(IsraelNN.com) The government has approved construction of more than a thousand new housing units in the Jerusalem suburb of Maaleh Adumim and the southern Jerusalem neighborhood of Har Homa.
[This is contradicted by, Olmert halts Har Homa tender, but ministers say capital building won’t stop]
A furor was raised over a ten-year-old housing project for Har Homa that received its final permits this month for construction of 307 new apartments.
The Palestinian Authority has claimed that the neighborhood belongs to the section of Jerusalem it plans to use for the capital of the new state it assumes it will build in Judea, Samaria and Gaza. PA Chairman Mahmoud Abbas made frantic calls to US Secretary of State Condoleezza Rice immediately after the plan’s approval was announced, asking her to force Israel to quit the project.
The 2008 budget allocation, which includes 500 new apartments, comes in addition to the 307 units already approved. Maaleh Adumim will receive an additional 240 apartments under the plan as well.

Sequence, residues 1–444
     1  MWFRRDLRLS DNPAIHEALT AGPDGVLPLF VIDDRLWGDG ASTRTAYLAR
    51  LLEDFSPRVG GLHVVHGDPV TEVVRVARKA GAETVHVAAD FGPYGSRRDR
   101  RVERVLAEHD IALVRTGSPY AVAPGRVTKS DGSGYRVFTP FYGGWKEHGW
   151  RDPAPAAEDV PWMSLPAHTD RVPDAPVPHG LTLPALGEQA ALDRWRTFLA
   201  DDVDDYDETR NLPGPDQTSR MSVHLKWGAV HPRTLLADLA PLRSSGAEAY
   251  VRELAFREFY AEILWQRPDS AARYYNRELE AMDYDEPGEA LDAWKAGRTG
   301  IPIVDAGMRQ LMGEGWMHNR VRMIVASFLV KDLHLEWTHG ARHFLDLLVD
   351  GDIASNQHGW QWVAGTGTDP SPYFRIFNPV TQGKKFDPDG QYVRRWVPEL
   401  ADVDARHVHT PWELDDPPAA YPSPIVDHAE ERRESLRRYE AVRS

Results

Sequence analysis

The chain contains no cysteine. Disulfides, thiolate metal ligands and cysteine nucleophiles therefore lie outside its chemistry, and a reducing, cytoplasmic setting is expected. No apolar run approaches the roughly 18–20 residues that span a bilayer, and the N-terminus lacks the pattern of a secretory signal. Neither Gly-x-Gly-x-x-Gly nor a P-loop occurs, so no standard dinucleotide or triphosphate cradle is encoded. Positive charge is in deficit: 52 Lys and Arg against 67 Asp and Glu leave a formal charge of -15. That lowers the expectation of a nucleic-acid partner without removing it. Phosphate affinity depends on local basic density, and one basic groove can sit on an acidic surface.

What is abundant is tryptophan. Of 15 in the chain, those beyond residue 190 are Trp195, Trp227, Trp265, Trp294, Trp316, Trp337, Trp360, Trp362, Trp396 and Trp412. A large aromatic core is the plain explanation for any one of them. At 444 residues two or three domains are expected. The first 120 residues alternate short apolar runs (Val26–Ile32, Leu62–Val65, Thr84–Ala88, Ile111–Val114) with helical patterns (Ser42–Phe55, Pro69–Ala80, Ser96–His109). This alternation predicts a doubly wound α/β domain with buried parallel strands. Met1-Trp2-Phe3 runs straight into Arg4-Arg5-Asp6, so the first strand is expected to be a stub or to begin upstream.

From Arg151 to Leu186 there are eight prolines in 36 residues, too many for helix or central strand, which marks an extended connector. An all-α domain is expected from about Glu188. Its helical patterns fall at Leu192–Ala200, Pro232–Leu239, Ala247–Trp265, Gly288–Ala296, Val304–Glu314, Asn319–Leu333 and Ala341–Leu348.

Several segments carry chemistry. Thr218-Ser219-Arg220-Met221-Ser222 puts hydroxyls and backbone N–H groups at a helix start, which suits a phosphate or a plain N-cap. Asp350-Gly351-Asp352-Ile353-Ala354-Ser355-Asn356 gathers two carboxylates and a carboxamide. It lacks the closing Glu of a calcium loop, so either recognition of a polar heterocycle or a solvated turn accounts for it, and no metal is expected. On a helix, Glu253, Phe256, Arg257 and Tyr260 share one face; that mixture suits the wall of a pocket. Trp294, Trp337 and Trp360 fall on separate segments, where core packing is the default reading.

A shortage of apartments in the Jerusalem area has driven housing prices very high over the past three years.
Minister of Jerusalem Affairs Rafi Eitan (Pensioners’ party) appeared unruffled by the Arabs’ opposition to the building of apartments in Jerusalem’s Jewish neighborhoods. “No promise was ever given to anyone that we wouldn’t continue to build in Har Homa,” he told Voice of Israel government radio on Sunday, “because it’s within the municipal borders of Jerusalem.” The area was formally annexed to the Jewish State after it was liberated from Jordanian occupation in the 1967 Six Day War.
Eitan pointed out that Maaleh Adumim also falls into that category. Both neighborhoods are located in the part of Jerusalem that was reunited with the rest of the capital in the 1967 Six Day War.
Radical left Peace Now director-general Yariv Oppenheimer immediately condemned the plan, bitterly commenting that the move would “trip up diplomatic negotiations (between Israel and the PA) before they’ve begun. Despite the government’s declarations that it would freeze construction, the 2008 budget proves that things will look different on the ground.”
A week before the Annapolis conference, Prime Minister Ehud Olmert agreed to freeze all new construction of new communities in Judea and Samaria and dismantle existing “illegal outposts”, including those which are in some cases expansions within the municipal boundaries of existing communities. Jerusalem was not included in that agreement.